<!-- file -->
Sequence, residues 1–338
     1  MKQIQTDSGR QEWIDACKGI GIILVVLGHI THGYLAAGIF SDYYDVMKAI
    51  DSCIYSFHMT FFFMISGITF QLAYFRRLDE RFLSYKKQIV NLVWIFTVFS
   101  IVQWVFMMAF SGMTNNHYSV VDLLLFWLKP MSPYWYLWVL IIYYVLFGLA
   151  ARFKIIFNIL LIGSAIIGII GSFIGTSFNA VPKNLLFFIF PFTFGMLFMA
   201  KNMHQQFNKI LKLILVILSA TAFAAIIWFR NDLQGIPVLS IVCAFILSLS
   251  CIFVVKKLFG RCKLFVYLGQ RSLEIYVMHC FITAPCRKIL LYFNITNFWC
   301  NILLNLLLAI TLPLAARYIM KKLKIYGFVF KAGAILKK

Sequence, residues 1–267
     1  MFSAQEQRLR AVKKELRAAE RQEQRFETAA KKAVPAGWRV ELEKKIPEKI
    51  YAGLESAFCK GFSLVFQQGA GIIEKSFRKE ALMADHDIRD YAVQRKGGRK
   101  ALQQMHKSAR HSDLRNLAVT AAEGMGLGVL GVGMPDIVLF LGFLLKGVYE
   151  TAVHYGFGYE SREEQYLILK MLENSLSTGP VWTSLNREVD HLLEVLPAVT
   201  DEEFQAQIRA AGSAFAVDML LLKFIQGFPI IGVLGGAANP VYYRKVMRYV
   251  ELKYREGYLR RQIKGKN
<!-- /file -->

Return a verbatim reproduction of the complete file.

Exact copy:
Sequence, residues 1–338
     1  MKQIQTDSGR QEWIDACKGI GIILVVLGHI THGYLAAGIF SDYYDVMKAI
    51  DSCIYSFHMT FFFMISGITF QLAYFRRLDE RFLSYKKQIV NLVWIFTVFS
   101  IVQWVFMMAF SGMTNNHYSV VDLLLFWLKP MSPYWYLWVL IIYYVLFGLA
   151  ARFKIIFNIL LIGSAIIGII GSFIGTSFNA VPKNLLFFIF PFTFGMLFMA
   201  KNMHQQFNKI LKLILVILSA TAFAAIIWFR NDLQGIPVLS IVCAFILSLS
   251  CIFVVKKLFG RCKLFVYLGQ RSLEIYVMHC FITAPCRKIL LYFNITNFWC
   301  NILLNLLLAI TLPLAARYIM KKLKIYGFVF KAGAILKK

Sequence, residues 1–267
     1  MFSAQEQRLR AVKKELRAAE RQEQRFETAA KKAVPAGWRV ELEKKIPEKI
    51  YAGLESAFCK GFSLVFQQGA GIIEKSFRKE ALMADHDIRD YAVQRKGGRK
   101  ALQQMHKSAR HSDLRNLAVT AAEGMGLGVL GVGMPDIVLF LGFLLKGVYE
   151  TAVHYGFGYE SREEQYLILK MLENSLSTGP VWTSLNREVD HLLEVLPAVT
   201  DEEFQAQIRA AGSAFAVDML LLKFIQGFPI IGVLGGAANP VYYRKVMRYV
   251  ELKYREGYLR RQIKGKN